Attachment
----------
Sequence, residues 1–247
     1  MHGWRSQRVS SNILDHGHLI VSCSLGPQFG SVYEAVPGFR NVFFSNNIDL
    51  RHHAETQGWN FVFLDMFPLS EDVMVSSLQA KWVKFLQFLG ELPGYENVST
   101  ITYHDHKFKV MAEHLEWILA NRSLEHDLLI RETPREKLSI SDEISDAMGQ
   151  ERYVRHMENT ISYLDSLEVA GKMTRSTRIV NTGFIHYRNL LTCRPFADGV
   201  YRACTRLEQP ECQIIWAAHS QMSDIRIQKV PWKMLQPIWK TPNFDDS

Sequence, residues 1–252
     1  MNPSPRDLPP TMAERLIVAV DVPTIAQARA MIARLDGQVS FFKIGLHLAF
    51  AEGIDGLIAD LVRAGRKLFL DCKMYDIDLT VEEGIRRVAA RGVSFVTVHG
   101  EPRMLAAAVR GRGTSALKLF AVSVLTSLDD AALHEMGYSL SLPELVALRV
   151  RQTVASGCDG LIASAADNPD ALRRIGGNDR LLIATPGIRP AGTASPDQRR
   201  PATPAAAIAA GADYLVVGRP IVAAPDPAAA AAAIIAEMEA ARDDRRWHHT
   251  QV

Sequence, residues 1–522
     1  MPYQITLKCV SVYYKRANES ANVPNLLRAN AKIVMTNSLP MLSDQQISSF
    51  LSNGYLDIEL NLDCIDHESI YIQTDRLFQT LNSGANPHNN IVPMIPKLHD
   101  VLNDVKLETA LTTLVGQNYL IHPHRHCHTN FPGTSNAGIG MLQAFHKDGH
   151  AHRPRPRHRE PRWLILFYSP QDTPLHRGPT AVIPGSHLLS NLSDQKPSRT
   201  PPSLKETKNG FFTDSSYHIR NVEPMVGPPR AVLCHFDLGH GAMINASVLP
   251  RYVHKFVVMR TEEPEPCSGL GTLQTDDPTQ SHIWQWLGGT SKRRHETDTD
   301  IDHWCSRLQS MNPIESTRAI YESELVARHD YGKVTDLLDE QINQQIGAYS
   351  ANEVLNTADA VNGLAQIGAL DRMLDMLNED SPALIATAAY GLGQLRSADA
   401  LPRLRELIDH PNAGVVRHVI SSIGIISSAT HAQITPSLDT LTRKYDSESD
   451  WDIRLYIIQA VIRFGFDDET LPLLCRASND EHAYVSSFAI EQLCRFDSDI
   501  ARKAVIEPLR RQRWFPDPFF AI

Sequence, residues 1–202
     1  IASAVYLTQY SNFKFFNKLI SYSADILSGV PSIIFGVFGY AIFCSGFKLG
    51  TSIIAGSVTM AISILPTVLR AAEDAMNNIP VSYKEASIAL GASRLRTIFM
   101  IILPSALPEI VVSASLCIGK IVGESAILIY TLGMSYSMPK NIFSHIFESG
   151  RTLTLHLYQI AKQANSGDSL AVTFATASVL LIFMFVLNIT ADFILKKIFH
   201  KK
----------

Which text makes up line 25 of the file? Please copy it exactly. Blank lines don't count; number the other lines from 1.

   501  ARKAVIEPLR RQRWFPDPFF AI